Tapped as a possible Olympic torchbearer is Shoji Tomihisa, a 102-year-old athlete of the Hiroshima Prefecture city of Miyoshi who was exposed to radiation after the 1945 atomic bombing of Hiroshima.
“As long as I’m running (in the relay), I’m focusing on finishing my leg without thinking about my age,” Tomihisa told a news conference held at the Miyoshi Municipal Government on Dec. 17.
Tomihisa was born on Awaji Island in the western Japan prefecture of Hyogo. At the age of 21, he was drafted to the Imperial Japanese Army, and went through a life-and-death situation in China. After returning to Japan, he got a job at the now-dismantled Japanese National Railways. On Aug. 6, 1945, soon after the atomic bomb was dropped on the city of Hiroshima that day, he entered the city from Miyoshi Station to join rescue operations, exposing himself to radiation as a result.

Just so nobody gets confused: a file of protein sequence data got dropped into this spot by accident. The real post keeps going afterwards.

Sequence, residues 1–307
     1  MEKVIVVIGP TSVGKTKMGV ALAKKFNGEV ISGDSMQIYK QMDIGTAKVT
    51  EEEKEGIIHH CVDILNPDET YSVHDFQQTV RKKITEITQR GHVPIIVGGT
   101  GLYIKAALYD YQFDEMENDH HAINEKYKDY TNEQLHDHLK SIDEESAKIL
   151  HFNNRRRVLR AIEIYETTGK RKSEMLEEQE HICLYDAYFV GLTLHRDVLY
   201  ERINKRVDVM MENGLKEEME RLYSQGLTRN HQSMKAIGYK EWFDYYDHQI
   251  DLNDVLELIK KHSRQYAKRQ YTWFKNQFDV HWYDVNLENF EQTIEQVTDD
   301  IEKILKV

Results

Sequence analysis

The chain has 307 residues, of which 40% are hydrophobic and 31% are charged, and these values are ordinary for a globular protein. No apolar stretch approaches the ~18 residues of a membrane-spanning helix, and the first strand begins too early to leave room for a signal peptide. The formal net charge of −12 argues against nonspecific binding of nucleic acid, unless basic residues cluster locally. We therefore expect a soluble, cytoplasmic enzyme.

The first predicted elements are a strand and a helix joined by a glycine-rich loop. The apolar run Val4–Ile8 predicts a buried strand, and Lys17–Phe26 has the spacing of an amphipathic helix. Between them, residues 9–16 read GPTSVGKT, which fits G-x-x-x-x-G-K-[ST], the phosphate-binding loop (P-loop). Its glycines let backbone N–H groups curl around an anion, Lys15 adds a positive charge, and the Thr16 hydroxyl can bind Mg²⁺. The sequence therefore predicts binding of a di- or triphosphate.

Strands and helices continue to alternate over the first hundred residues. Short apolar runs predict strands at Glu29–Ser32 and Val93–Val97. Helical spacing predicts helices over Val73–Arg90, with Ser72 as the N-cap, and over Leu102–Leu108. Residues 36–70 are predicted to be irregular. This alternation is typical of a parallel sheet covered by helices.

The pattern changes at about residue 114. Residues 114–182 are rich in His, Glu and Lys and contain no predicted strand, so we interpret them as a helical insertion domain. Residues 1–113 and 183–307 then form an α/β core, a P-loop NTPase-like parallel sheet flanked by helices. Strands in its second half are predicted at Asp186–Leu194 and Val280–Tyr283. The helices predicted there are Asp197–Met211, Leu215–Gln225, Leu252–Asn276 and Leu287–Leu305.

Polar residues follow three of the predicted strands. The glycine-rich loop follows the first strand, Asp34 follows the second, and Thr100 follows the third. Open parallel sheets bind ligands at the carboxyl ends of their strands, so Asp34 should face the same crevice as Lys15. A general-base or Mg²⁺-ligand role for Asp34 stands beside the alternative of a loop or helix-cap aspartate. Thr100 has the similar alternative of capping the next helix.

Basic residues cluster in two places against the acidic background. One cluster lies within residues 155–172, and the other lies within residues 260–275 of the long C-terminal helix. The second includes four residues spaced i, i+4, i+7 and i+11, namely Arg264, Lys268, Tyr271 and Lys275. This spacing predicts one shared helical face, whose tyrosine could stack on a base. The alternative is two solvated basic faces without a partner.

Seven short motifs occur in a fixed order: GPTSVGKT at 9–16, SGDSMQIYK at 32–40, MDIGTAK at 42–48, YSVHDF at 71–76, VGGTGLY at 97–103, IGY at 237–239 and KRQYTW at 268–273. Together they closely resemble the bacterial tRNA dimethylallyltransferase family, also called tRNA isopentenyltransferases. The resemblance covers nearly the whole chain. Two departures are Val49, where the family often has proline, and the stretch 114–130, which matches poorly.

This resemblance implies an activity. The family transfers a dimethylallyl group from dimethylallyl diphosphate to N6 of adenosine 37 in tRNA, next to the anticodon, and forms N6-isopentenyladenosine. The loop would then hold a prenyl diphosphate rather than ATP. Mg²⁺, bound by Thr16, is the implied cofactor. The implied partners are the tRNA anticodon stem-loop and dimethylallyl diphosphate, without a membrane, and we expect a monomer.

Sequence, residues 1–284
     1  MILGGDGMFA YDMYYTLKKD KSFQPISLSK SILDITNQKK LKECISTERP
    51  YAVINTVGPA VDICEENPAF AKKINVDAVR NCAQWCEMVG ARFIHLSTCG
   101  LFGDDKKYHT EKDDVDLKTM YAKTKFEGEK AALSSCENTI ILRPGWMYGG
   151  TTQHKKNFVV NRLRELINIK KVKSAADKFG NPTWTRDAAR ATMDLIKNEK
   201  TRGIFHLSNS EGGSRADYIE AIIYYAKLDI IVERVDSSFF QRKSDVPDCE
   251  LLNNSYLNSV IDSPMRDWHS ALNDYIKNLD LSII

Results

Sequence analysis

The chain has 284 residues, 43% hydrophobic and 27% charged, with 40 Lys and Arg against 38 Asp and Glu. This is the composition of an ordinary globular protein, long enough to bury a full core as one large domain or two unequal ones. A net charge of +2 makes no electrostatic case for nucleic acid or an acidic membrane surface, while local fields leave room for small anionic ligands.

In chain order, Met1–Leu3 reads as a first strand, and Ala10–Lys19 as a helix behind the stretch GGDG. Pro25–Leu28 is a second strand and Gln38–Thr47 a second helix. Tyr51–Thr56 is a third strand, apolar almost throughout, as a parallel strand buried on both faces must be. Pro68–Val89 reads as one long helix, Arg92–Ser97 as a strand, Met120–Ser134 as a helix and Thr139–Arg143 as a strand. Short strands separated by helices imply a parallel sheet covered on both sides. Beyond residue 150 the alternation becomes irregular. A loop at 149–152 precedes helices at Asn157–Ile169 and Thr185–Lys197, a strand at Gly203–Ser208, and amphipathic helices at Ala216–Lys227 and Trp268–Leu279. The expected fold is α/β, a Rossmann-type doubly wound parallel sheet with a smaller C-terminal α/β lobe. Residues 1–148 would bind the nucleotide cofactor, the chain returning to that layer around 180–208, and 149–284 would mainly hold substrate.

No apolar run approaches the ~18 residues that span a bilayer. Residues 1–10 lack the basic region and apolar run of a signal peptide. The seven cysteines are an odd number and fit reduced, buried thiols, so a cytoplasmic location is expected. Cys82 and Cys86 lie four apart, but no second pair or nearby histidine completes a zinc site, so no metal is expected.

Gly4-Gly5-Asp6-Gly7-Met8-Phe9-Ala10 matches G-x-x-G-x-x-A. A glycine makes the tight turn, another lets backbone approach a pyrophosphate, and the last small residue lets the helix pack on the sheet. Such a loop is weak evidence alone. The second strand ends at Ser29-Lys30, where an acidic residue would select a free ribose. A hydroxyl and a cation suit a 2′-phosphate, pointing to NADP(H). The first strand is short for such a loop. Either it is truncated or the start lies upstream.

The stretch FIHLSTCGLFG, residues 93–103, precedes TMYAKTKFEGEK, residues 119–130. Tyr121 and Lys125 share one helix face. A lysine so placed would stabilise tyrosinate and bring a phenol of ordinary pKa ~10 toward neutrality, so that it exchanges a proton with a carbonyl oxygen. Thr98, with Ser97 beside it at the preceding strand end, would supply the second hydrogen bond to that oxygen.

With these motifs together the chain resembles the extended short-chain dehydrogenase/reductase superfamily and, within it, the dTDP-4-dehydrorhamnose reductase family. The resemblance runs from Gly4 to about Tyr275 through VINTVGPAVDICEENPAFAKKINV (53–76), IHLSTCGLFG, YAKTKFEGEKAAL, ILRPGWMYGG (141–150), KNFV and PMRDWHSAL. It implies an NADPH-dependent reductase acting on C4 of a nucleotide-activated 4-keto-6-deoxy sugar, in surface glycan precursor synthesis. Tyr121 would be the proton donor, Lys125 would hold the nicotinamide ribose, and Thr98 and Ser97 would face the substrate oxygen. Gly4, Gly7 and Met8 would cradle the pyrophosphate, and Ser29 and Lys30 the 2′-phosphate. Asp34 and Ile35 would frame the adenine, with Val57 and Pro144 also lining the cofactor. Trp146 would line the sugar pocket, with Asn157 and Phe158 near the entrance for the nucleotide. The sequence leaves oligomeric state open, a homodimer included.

After retirement, Tomihisa didn’t particularly play any sport, but he was recommended to try track and field at the age of 97 by his friend and osteopathic physician Hiromi Sadasue, who now coaches Tomihisa.
Tomihisa started running “for health purposes” and now leads a very orderly life, waking up at 4 every morning and training regularly. In 2017 when he was 100, Tomihisa participated in the Chugoku Region Masters Athletics Championship held in Tottori Prefecture on the Sea of Japan coast, setting a Japanese record of 16:98 for the men’s 60-meter dash in the 100-104 age group.
“I’m blessed that I’m not sick or have any injuries. I will get my muscles back in shape and participate in the relay,” Tomihisa told the news conference. He added, “I was determined to survive somehow after I was exposed to radiation. I want to show everyone an example on how to run (in the relay).”